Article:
Recluse spiders grow and molt (shed their skin) seven to eight times before they are full grown and able to reproduce. These stages of development are referred to as “instars” and a spider can be in any given instar for a few months before it molts again. A number of factors can affect how fast a spider grows: temperature, food availability, whether it’s captive or in the wild, etc. After the final molt, spiders reproduce, and then eventually die. Mom recluse lived another year after this egg sac and actually produced another the following summer. I don’t even now if the eggs from that second sac were fertile because I put it in the freezer. I thought raising twenty four recluse spiderlings was enough. Mom recluse died a month after the second sac.
I observed, took notes, and started to get individually acquainted with my orphaned Yinzer recluses. Some molted faster than others and their sizes varied. #12 was really big and #23 was always the smallest, even though they had the same number of molts. #15 got stuck during a molt and I was able to free it out of its old exuvium (shed exoskeleton) but not without having to sacrifice two legs. #17 got stuck in its fourth molt and didn’t make it. Many travelled with me to spider tabling events where I tried my best to debunk myths and misconceptions about them. It was impactful because folks could SEE a live recluse which was a first for many. As time went on, the spiderlings died off one by one. By March of 2020, only #19 and #21 were left and I was getting worried that my Yinzer recluses would die out completely. I should’ve saved that second egg sac!
But, as luck would have it, #19 had its final molt and I could tell by the swollen palps, it was a male. And #21 was a female! I wasn’t sure if it would work out since the spiders were siblings, but maybe they would mate and I could get another generation! I put them together in the same container and waited and waited for MONTHS and nothing happened. The two spiders seemed to ignore each other. Every time I checked, they would boringly be chillin’ on opposite sides of the cardboard. Was it because they were siblings? Do spiders even care about that?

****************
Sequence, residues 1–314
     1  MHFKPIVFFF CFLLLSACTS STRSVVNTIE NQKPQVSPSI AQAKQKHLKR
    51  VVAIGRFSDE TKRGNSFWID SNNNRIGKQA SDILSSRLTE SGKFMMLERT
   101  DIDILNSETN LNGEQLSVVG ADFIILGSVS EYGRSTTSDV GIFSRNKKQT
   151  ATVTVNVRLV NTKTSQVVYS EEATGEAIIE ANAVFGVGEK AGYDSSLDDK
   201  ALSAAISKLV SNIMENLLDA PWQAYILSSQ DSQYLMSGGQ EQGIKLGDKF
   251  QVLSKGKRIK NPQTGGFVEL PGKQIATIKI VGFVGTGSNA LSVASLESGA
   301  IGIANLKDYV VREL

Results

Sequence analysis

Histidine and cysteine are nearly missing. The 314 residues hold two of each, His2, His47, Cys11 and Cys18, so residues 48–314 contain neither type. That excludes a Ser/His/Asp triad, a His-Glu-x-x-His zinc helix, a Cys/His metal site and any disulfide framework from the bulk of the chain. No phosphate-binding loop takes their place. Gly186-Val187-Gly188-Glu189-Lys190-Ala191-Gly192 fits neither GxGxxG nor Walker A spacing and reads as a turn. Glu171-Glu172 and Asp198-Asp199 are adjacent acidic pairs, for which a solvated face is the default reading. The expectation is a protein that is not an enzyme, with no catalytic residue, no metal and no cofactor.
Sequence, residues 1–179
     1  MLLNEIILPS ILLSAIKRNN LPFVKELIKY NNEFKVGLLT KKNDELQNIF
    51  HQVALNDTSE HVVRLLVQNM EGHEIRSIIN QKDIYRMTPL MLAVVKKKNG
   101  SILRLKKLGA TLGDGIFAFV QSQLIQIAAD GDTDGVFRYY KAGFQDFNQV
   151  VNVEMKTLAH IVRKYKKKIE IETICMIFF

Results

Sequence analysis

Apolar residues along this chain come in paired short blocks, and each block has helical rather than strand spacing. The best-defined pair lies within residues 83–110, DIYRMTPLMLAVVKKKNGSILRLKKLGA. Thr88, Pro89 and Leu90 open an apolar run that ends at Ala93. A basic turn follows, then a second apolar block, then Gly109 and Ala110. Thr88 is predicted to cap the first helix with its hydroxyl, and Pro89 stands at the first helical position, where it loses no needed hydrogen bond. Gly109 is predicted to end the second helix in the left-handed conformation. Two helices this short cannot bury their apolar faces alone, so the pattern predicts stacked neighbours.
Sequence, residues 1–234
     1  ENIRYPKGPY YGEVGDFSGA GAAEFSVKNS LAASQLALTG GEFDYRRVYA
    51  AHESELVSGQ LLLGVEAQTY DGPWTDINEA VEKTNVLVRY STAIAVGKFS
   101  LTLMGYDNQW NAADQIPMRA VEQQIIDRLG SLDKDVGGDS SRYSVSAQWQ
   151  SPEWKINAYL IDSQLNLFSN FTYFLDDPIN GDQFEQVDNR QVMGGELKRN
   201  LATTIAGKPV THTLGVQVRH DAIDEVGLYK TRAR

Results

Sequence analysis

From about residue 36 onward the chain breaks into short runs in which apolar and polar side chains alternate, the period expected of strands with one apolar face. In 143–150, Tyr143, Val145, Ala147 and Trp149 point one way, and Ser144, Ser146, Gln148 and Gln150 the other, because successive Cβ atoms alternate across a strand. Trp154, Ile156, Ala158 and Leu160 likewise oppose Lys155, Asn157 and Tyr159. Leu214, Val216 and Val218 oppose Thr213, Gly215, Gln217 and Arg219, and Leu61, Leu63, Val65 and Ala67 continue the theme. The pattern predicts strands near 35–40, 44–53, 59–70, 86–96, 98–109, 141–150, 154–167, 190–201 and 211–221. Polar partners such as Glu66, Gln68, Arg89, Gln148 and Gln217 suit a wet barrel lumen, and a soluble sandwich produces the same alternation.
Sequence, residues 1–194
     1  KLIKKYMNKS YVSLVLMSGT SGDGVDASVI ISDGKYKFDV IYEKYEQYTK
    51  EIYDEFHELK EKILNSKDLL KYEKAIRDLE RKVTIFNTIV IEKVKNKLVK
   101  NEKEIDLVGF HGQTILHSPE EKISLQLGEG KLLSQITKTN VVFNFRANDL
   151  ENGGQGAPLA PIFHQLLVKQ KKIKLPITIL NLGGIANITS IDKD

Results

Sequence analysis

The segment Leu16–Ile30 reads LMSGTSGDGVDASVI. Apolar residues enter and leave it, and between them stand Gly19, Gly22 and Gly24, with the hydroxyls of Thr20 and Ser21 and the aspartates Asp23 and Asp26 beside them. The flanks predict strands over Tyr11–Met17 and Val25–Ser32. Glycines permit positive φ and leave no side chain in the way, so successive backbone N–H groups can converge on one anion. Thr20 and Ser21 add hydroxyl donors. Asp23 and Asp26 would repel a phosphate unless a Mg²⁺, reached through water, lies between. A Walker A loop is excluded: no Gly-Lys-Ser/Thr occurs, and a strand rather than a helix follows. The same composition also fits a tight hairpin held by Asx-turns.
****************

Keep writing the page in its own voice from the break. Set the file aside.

Then I figured out why…the female, #21, wasn’t even mature! She had NOT had her final molt like I thought which meant she didn’t even have the internal plumbing to mate until now. I had miscounted her instars when I put the two spiders together. How did I know? I found the shed exuvium in the enclosure and she was slightly larger. I was surprised by this last molt! I looked back at my notes and was shocked to see how LONG it took her to mature! The average life span of captive-raised, female recluse spiders is a little over two years, but there are outliers. The literature notes a female living over five years! Mine is definitely an outlier. She emerged from the egg sac in 2016 and her final molt was in September 2020. It took her four years to mature! That’s crazy slow! And she’s still alive as of this writing.
Chapter Five – Redd up! Company is coming! (Pittsburghese for clean up the clutter, visitors are coming!)
#19 and #21 remained housed together through winter of 2021. I found #19 (the male) dead in May of 2021. He lived a long time, too, at almost five years old. I was sad that I didn’t see the two mate and wondered, again, if I had lost my unique recluse collection. However, two weeks later, I discovered an EGG SAC! Amid the white tanglings of fuzzy silk there was a mound of heavier layers with #21 resting next to it. This was promising, but spiders will produce infertile egg sacs. I checked the enclosure every day. #21 would sit next to the sac and tolerate my prodding forceps from time to time. Finally, in June 2021, the spiderlings emerged! I was so excited! Only my closest friends were able to appreciate how awesome it was. I mean, I know it sounds really funny to be so thrilled about recluse spiderlings!